# 5.2 Rotational Kinematics, Moment of Inertia

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1 5 ANGULAR MOTION 5.2 Rotational Kinematics, Moment of Inertia Name: 5.2 Rotational Kinematics, Moment of Inertia Rotational Kinematics In (translational) kinematics, we started out with the position x, then defined velocity v to be the rate of change of position, and acceleration to be the rate of change of velocity: v = dx dt, a = dv dt = d2 x dt 2 In rotational kinematics, things are quite analogous. To indicate how far something rotated, we use an angle φ (typically measured in radians). We can then define angular velocity ω (how fast something rotates) to indicated how fast that angle changes in time, and angular acceleration α to be the rate of change of angular velocity: ω = dφ dt, α = dω dt = d2 φ dt 2 A point rotating that is the distance r from the center of rotation rotates an angle of 2π in one revolution. It moves once around the circle, ie., a distance of 2πr. So we can see how the angular quantities are related to the corresponding quantities for linear motion: x = rφ, v = rω, a = rα where now x is the distance moved along the circle, v the tangential velocity, and a the tangential acceleration. Note: Angular velocity is very similar to something like rpm. If a wheel turns at a frequency f of one revolution per second, it goes through an angle of 2π in that one second, that is, its angular velocity is 2π/s. More generally: ω = 2π f 195

2 5.2 Rotational Kinematics, Moment of Inertia 5 ANGULAR MOTION 1. An ant is resting on a pottery wheel, 20 cm from center, and a scorpion is 40 cm from the center. Suddenly, somebody turns on the pottery wheel, and it begins to accelerate at a rate of 0.3 rad/s 2. (a) How many full revolutions has the ant gone through after 30 seconds (since the pottery wheel was turned on)? (b) What total distance has the ant traveled in meters in that time? (c) How many revolutions has the scorpion gone through in the same amount of time, and what total distance has it traveled in meters? (d) What is the angular velocity of the ant 30 seconds after the pottery wheel was turned on? (e) What is the linear velocity of the ant (the tangential velocity ) at that time? 196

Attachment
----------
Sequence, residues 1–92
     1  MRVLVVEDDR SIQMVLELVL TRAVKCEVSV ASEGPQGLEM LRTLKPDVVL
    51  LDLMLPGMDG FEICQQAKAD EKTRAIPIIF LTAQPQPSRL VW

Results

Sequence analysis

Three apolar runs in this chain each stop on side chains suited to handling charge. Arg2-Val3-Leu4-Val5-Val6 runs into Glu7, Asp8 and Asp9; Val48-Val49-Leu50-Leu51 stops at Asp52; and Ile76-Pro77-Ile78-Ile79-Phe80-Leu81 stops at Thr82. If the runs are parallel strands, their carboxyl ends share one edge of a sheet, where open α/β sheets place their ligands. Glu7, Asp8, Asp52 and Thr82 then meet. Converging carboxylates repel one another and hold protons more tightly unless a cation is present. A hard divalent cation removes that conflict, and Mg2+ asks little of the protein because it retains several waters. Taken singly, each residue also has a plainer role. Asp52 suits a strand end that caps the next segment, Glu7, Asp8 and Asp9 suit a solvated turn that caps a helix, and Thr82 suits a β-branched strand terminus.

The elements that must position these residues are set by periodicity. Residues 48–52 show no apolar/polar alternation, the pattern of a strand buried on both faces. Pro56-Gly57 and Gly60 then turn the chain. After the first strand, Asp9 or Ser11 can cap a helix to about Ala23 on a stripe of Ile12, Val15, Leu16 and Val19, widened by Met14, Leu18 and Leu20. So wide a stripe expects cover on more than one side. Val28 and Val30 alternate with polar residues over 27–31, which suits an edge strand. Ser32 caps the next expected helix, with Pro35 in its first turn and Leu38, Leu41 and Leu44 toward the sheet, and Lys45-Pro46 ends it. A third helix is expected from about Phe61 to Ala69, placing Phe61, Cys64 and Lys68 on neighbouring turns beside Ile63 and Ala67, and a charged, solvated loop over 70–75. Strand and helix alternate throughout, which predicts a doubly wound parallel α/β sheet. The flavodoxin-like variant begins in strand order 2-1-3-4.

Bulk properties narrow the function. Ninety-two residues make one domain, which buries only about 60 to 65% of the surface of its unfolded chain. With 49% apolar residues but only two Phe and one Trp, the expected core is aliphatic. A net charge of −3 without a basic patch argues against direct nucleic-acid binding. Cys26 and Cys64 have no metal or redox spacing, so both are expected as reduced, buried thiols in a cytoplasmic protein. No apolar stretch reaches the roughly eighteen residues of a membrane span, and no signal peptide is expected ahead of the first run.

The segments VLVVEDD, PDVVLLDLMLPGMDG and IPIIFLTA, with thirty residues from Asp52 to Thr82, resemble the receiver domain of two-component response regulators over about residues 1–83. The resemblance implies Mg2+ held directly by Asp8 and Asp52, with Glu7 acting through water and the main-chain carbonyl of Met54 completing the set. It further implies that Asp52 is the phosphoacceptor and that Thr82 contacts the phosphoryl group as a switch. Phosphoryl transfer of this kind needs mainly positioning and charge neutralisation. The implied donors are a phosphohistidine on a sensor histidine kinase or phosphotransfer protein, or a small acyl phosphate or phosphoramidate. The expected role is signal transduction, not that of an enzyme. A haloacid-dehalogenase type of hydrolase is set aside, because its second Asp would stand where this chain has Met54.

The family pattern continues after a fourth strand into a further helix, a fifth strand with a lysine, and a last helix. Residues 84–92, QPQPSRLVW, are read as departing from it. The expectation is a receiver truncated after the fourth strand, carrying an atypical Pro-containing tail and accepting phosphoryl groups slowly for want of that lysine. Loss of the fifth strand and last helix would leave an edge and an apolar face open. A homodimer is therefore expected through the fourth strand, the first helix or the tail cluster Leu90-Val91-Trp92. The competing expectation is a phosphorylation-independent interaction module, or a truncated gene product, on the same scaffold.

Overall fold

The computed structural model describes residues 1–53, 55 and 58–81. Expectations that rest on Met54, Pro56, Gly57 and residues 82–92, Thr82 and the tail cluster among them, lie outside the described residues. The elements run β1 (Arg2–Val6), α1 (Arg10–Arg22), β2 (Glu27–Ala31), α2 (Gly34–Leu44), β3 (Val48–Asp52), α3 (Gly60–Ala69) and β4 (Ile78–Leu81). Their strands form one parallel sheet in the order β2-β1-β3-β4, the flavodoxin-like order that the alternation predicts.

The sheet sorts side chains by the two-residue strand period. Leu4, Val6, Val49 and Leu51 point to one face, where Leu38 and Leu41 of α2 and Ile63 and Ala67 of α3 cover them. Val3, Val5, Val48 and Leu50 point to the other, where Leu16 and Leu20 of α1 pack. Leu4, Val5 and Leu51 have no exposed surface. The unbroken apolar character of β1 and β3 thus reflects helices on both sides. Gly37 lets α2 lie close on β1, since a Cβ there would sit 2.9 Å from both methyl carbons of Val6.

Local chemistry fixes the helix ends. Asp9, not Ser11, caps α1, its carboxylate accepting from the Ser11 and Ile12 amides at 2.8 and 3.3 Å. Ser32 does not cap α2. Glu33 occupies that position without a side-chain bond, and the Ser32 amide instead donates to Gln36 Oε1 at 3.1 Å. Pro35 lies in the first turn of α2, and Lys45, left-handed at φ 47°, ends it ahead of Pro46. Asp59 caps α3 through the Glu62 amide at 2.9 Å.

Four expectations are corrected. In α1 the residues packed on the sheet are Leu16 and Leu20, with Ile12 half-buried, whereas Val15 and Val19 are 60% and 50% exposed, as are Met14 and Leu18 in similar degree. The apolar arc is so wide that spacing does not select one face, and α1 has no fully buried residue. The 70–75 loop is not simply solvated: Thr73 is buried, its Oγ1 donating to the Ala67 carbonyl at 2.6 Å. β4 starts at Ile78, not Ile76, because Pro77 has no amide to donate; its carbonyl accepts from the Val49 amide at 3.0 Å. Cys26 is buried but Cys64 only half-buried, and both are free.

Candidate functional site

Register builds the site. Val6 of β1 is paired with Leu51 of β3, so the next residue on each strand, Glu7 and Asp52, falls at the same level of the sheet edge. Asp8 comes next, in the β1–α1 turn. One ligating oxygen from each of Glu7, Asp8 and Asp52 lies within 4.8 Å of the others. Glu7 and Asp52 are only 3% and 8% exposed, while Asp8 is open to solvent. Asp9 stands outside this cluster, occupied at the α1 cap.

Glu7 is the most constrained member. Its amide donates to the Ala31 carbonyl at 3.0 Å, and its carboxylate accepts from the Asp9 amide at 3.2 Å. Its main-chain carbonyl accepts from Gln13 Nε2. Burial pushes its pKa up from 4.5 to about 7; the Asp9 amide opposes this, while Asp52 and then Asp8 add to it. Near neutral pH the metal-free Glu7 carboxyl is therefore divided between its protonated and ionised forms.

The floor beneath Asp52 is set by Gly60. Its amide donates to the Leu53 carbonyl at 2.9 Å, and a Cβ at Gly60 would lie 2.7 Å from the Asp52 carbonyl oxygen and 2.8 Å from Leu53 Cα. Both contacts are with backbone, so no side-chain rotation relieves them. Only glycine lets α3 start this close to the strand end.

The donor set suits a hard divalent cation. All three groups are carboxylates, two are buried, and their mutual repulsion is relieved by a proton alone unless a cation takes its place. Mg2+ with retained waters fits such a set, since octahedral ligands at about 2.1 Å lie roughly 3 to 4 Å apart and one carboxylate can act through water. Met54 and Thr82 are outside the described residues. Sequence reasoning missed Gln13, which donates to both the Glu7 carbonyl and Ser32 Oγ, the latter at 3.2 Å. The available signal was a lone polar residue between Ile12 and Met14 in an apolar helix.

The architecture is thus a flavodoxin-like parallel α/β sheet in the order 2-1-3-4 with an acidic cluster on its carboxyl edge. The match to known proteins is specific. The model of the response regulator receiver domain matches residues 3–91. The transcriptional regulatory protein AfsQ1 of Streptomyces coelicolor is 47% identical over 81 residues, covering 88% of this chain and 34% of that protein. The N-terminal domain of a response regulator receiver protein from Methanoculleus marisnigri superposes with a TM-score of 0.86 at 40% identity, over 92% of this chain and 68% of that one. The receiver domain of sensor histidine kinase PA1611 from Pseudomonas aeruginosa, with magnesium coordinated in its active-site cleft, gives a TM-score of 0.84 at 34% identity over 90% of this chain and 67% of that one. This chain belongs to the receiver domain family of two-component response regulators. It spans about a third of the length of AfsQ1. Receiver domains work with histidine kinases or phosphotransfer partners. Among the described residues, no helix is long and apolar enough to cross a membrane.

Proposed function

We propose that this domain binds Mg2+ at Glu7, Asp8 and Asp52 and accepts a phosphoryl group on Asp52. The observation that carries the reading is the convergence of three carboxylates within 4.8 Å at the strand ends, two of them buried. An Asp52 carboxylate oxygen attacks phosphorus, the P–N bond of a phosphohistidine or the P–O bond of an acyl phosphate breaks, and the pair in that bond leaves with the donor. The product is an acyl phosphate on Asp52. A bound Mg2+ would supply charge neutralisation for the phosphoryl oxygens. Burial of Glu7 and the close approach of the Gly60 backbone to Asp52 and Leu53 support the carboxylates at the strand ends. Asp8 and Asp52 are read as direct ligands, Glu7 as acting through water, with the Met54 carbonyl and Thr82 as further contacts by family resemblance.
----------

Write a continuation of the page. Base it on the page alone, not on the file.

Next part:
3 5 ANGULAR MOTION 5.2 Rotational Kinematics, Moment of Inertia (f) What are the angular velocity and tangential velocity of the scorpion at that time? (g) If the coefficient of static friction between the ant s feet and the pottery wheel is 2 (yes, it is higher than 1), at what time would the ant start slipping on the wheel? (Note that the tangential acceleration is very very small compared to the centripetal acceleration by the time he slips, so it can be ignored in the final analysis. For extra credit, solve it including the tangential acceleration and show that you get essentially the same answer.) Moment of Inertia Mass is also referred to as inertia a measure of how difficult it is to change an object s velocity (i.e., make it accelerate). Newton s 2nd Law says that F = ma, so the larger the mass the more force we need to apply to get the same acceleration. For rotational dynamics, we now know about torque, which is like a rotational force, trying to make an object rotate. We also know about angular acceleration. What s missing is some quantity that corresponds to mass, describing how difficult it is to make something rotate given a certain amount of torque. We use the terms moment of inertia or rotational inertia to describe how difficult it is to make an object rotate or more specifically, how difficult it is to give it an angular acceleration. We symbolize this moment of inertia with the letter I. We can find the moment of inertia for a single point mass at some distance r from a pivot point by rewriting Newton s 2nd Law: F = ma Since τ = rf (we assume the force is at 90 degrees to the lever arm), and α = a/r, we can rewrite Newton s 2nd Law in terms of the rotational quantities: τ = mr 2 α 197